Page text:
“When I started at Hamilton Old Boys, the other fly-half was 36 so literally double my age,” Jordan says. “It’s different here, a lot of the young guys are in the academies and not really club players through and through. They are academy players who get released.
“The young boys haven’t experienced that club rugby culture or men’s rugby. Even at Ayr when we had the academy players come down, they just hadn’t experienced bus trips away, that real club footy stuff. That was eye-opening.”
Jordan had no idea what this season might hold. A professional debut would have sated him. He could never have envisaged starting nine of the opening 10 URC matches, of being given the nod for Smith’s first match as head coach, a wounding curtain-raiser at Benetton. There have been trips to Parma, Durban and Dublin. To cap an intoxicating four months, he ran out in front of 25,000 at Murrayfield last Friday in the 1872 Cup decider, by far the biggest crowd he has ever played in front of.
In this swirling bowl of fire and fury, Jordan thrived. He ran in his first Glasgow try and sat Scotland centre Mark Bennett on his rump with a fend strong enough to puncture chainmail. The Warriors scalped Edinburgh for the second week running and claimed back the trophy. Though it will take two more years of residency for Jordan to become Scottish-qualified, those running the national set-up will be heartened by his progress.
“It’s pretty cool, the difference from a year ago to now,” Jordan says. “I would have been playing the Super6 final then. You just want to go again. It’s hard to find that experience elsewhere, in day-to-day stuff.
“My first goal for this year was just to play one game. I didn’t know when it was going to be, I just wanted to play one game and I was going to work my arse off, do anything to achieve that. To keep playing and be involved each week, I’m really grateful and keen to keep building. I know I can improve on a lot of areas.
“I thought at this level it was going to be a huge step up but it was a lot closer than I expected. You realise you can compete with these guys and take more responsibility.”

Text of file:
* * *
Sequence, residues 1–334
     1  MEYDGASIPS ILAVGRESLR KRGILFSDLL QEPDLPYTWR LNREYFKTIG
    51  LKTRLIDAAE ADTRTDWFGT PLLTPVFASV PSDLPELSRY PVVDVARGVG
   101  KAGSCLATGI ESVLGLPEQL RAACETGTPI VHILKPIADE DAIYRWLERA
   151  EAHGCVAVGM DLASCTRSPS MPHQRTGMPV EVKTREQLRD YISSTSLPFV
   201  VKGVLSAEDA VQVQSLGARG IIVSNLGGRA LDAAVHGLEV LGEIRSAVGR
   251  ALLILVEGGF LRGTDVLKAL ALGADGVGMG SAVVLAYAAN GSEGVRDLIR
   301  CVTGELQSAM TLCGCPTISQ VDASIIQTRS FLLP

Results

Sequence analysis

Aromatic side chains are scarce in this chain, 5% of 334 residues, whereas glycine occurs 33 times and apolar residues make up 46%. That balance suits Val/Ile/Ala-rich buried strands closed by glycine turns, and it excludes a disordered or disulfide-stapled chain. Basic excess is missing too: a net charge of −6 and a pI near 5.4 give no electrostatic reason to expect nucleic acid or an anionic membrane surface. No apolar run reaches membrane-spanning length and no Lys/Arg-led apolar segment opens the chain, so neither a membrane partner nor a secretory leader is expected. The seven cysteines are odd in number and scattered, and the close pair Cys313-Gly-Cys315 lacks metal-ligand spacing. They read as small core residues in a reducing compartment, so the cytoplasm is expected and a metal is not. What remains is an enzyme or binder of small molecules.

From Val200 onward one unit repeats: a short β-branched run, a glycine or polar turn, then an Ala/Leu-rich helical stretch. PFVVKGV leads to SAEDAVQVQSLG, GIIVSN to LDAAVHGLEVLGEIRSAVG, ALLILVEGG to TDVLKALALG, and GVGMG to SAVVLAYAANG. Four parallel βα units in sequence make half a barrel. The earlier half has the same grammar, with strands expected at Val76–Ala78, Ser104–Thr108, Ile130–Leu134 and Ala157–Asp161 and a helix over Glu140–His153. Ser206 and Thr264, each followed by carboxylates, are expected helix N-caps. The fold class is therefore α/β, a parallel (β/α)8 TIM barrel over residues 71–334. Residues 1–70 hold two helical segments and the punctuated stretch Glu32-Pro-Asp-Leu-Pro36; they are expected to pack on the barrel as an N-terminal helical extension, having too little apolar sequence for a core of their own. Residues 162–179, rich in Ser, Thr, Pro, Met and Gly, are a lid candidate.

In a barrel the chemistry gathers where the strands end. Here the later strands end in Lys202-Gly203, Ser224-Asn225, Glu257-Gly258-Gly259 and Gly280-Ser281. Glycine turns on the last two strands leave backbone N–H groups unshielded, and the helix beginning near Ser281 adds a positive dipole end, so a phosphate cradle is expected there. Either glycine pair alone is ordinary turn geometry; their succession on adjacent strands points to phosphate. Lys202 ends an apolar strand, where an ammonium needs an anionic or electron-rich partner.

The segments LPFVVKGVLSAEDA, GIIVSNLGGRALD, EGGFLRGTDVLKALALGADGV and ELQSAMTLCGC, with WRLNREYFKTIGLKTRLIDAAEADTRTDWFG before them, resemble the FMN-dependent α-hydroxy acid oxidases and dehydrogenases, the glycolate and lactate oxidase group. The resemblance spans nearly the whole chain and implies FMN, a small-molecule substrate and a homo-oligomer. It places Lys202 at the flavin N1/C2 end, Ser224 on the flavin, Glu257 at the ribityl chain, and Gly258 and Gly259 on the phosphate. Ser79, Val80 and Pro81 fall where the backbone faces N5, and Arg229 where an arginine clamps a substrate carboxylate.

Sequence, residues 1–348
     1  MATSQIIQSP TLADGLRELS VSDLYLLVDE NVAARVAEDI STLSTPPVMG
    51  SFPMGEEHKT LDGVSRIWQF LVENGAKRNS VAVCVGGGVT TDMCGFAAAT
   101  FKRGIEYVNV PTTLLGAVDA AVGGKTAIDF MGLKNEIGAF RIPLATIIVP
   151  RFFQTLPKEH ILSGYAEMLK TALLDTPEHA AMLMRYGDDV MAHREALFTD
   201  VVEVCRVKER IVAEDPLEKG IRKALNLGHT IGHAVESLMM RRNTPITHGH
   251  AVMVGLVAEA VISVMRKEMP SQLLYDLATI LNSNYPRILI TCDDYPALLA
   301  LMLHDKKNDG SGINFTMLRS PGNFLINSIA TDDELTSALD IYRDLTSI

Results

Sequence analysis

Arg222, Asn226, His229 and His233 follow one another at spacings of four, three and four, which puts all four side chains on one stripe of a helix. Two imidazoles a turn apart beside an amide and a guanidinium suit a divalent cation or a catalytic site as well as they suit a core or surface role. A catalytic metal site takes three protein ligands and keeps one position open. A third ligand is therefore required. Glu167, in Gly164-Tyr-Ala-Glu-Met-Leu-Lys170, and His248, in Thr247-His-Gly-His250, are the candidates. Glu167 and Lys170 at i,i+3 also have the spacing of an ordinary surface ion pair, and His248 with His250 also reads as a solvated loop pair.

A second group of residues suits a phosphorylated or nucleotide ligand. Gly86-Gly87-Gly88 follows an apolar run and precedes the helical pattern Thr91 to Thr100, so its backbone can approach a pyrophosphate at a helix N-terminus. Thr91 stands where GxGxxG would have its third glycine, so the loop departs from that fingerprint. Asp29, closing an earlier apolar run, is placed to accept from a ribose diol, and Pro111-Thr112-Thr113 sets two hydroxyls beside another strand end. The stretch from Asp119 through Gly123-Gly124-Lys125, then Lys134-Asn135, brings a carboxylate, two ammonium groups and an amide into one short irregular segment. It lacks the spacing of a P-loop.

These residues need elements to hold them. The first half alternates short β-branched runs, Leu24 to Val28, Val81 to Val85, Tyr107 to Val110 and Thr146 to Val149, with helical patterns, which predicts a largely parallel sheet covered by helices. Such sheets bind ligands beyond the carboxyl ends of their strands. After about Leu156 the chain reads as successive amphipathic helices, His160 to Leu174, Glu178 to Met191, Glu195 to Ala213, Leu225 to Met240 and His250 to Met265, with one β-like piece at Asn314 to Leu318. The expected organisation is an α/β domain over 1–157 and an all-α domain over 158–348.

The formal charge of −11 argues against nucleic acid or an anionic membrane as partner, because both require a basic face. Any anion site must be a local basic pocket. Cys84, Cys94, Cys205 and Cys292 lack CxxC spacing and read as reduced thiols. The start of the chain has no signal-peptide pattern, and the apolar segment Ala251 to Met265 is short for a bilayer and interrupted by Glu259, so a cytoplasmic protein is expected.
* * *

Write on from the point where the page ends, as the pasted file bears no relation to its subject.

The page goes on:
It dawns on Jordan that he hasn’t paused to take all of this in, that he is actually living the dream he felt slipping through his fingers doing endless yoyo runs with an even more endless list of fly-halves ahead of him.
Like Franco says, you don’t need to lose to get better: keep winning, keep improving. We win on the weekends and we still get grilled on Monday for things we could do better.
“You go through those real battler days when you’re getting on a bit – still young at 23 or 24, but a lot of people crack it when they’re 19, 20, 21. I’d been here a while and it still hadn’t happened. It just made me more ready.
“When I was younger back in Waikato, I probably thought I was ready but I wasn’t. I might have played three games in the NPC and then been told I needed to work on a few things, dropped off, and not reached my full potential.
“I’ve managed to be in the professional environment with Glasgow for over a year, build up all these skills, and when I got my opportunity I wasn’t that nervous, I was like, ‘yes, this is the right time, I’ve put in two or three more years than I thought I would to get here but I feel way more ready now’.”
The champion Stormers arrive at Scotstoun on Sunday with Springboks in tow and Glasgow’s five-match winning run in their sights. Jordan starts at 10. Another dizzying experience. Another mighty foe. Another chance for Glasgow to burnish their play-off credentials.
“We’re getting really solid in all points,” he says. “Our defence has taken a lot of steps forward from the start of the season. We back our defence and we know we can get turnovers within three or four phases.
“Like Franco says, you don’t need to lose to get better: keep winning, keep improving. We win on the weekends and we still get grilled on Monday for things we could do better. We know there is so much more all of us can do. Going up against the top teams when they’re fully stacked, we need to be peaking.”
Jordan’s ascent was slow and painful, then suddenly giddying. The peak? Who knows where that might come.